It is noteworthy that the population studied is unique in terms of the severity of the problematic behaviors observed. Indeed, psychiatric hospitalization is quite unusual among people with autism and generally occurs after the failure of first-line interventions, such as behavioral management or an outpatient trial of a psychotropic drug.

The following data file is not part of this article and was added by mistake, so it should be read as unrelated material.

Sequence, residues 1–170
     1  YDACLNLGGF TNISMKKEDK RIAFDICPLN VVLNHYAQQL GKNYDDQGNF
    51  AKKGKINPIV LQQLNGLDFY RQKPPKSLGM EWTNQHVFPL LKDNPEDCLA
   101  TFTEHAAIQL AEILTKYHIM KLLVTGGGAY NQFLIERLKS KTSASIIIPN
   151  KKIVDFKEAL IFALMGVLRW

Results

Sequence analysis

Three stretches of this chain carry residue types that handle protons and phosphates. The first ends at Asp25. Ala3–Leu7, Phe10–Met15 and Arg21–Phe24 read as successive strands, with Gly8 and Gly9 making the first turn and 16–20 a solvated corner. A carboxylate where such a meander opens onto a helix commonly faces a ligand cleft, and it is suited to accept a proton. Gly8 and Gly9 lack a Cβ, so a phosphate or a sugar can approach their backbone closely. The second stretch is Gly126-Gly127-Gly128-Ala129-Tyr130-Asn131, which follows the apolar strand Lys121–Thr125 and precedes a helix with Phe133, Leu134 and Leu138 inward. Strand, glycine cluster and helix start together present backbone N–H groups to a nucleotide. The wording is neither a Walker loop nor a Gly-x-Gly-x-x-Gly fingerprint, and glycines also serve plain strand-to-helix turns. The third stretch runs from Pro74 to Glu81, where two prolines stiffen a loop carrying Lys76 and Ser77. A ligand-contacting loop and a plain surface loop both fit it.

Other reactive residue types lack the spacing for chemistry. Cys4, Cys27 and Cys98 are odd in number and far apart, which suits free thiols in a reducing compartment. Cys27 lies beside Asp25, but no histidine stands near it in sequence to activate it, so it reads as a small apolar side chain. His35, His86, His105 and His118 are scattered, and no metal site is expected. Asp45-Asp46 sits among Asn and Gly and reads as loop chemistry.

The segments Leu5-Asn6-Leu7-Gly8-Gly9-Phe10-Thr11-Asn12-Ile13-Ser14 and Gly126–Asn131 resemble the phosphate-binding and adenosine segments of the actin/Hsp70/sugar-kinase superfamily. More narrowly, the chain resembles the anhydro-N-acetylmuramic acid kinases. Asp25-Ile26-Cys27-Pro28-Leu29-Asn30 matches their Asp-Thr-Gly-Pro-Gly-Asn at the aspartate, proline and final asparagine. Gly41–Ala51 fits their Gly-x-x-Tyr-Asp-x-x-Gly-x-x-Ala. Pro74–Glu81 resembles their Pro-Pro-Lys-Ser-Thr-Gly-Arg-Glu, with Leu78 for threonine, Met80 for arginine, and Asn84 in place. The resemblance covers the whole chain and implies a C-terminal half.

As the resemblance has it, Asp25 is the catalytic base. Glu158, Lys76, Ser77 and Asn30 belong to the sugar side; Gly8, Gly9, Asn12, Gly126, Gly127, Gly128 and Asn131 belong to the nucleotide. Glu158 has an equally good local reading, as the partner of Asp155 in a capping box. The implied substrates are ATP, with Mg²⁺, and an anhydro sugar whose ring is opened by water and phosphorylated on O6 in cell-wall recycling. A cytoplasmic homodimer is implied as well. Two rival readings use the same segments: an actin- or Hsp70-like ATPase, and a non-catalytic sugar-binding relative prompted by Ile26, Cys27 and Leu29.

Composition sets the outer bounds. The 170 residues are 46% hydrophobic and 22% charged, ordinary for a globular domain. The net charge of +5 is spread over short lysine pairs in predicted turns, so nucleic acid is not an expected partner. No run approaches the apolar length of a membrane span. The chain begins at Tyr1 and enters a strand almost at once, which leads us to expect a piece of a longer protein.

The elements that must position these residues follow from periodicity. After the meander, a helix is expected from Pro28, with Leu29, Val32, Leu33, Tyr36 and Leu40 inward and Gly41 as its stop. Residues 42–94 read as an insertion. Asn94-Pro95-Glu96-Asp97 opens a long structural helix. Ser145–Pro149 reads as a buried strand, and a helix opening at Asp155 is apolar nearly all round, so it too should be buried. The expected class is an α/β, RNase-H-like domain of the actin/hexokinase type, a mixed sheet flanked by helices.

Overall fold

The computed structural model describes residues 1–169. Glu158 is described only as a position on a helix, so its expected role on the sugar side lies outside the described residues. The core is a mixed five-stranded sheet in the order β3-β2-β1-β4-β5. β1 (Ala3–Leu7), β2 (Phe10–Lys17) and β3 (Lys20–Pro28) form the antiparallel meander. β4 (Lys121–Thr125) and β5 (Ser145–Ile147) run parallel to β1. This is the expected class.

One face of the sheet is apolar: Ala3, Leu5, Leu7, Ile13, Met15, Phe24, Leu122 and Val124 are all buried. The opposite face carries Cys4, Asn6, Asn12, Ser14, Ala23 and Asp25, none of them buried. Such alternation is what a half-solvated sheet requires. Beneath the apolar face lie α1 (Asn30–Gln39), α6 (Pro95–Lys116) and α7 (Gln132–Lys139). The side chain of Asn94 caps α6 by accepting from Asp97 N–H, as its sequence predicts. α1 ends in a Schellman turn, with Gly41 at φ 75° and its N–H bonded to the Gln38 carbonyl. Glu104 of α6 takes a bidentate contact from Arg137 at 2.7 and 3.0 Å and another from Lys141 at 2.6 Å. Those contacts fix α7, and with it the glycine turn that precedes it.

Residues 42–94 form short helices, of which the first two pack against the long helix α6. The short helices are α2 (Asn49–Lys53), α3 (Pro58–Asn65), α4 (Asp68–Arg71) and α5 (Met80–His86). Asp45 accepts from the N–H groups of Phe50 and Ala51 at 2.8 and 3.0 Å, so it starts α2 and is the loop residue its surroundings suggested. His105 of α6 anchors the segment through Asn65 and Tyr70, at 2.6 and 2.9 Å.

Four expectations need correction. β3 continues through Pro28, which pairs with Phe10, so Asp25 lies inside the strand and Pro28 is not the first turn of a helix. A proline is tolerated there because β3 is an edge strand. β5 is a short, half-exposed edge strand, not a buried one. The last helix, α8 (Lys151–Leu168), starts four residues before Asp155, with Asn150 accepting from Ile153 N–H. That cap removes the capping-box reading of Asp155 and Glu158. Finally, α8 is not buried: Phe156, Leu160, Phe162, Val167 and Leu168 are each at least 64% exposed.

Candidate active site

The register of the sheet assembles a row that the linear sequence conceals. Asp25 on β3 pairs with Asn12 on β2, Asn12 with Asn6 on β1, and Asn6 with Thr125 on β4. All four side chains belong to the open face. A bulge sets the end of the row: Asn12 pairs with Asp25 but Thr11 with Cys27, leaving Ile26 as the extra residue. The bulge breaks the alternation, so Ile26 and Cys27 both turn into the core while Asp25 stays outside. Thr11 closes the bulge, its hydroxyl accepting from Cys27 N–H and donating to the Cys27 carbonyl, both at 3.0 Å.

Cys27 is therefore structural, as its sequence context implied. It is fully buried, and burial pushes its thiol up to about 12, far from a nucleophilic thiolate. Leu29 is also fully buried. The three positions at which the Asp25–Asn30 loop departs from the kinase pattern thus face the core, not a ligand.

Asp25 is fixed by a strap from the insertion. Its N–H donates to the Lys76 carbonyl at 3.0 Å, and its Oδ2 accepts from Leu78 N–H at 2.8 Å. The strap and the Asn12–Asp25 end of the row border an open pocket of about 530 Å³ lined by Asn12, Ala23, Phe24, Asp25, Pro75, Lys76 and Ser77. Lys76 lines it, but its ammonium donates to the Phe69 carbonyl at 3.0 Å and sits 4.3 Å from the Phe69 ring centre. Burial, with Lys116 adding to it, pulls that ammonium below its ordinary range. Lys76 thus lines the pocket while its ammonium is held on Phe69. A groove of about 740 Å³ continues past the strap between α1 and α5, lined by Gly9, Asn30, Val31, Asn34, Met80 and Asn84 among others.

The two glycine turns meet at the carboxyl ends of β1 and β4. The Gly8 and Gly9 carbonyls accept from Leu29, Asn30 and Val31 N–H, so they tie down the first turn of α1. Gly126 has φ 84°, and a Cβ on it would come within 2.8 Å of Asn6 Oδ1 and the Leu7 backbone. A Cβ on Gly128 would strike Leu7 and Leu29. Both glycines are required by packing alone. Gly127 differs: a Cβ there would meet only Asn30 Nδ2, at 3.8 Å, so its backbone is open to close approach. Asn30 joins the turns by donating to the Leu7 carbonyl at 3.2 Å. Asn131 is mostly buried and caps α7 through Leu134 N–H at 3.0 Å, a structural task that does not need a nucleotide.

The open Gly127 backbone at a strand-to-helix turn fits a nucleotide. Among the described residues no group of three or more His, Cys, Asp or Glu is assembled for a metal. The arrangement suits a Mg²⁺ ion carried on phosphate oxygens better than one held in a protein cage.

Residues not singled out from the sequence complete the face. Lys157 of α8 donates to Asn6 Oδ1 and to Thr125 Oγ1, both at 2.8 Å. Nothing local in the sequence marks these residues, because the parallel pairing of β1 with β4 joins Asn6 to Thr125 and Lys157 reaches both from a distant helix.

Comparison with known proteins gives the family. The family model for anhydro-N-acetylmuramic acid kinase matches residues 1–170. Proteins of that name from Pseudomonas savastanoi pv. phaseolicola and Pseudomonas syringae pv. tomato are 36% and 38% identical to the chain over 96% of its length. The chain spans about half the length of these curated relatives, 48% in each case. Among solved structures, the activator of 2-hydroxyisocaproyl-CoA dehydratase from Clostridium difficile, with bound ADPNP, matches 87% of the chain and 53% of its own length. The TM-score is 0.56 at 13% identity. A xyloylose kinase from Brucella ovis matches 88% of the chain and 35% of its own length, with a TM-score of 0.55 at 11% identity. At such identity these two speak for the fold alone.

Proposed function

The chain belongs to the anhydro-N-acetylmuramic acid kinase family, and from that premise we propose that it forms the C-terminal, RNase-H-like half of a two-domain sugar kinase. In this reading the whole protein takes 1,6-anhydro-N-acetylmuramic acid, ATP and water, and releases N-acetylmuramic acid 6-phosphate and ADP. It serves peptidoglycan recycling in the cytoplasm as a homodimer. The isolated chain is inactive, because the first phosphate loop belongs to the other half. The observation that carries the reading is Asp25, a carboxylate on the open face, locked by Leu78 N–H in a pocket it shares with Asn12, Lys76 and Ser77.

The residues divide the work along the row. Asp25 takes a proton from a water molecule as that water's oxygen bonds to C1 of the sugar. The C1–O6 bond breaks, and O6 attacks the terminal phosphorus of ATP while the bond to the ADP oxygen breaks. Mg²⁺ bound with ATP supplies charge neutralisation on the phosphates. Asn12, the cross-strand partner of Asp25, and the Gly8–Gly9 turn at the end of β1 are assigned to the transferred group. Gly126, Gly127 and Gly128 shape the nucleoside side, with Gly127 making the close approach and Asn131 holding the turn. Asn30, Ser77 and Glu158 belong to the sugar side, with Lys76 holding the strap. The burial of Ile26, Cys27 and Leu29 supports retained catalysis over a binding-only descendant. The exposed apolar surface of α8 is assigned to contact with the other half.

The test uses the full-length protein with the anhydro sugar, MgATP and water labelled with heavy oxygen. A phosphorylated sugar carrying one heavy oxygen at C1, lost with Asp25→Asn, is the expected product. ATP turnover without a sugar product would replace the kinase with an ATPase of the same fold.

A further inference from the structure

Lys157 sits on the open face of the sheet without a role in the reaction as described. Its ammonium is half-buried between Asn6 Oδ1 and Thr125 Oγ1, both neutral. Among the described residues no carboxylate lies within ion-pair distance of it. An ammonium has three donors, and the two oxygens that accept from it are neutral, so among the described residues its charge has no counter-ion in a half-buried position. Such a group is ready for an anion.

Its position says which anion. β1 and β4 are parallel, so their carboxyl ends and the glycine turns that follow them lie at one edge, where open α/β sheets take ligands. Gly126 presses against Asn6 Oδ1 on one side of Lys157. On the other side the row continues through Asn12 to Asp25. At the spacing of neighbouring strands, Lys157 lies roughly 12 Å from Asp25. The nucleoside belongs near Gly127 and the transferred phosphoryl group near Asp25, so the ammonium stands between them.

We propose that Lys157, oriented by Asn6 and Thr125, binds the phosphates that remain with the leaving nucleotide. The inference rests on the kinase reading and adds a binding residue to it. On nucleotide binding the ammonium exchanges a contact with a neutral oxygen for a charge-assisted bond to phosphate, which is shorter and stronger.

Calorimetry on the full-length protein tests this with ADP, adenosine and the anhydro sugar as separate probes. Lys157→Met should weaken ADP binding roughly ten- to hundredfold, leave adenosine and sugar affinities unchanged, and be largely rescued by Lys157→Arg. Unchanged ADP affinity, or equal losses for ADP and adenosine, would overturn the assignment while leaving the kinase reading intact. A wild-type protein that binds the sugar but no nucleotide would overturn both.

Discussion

Low IQ, absence of communication skills, and comorbid epilepsy are well-known factors leading to a poor prognosis, including an impaired course of development during adolescence (Gillberg and Steffenburg, 1987; Venter et al., 1992; Ballaban-Gil et al., 1996; Rapin, 1997; Howlin et al., 2004). In the current sample, all 29 individuals were severely impaired and had multiple challenging behaviors. This point is not surprising, as it has been shown in adults that these behaviors often co-occur (Matson et al., 2008). All had intellectual disability; all but one had severe autism as measured by the CARS; only a third had functional language; half of them had “syndromal or complex autism” (Cohen et al., 2005; Miles et al., 2005). However, this study also demonstrates that other factors, including specific care, family support, and socio-economic factors, appear to be crucial in the occurrence of these acute states. The male-female ratio was 3.8: 1 in the sample. Given the fact that all of the patients exhibited significant cognitive delay and severe autistic syndrome, the expected sex ratio should be closer to 2: 1 (Fombonne 2003, Amiet et al, 2008). This discrepancy can be explained by the fact that aggressivity and conduct disorders are more frequent among boys. Moreover, challenging behaviors are less tolerable among boys, leading to more frequent hospitalization requirement.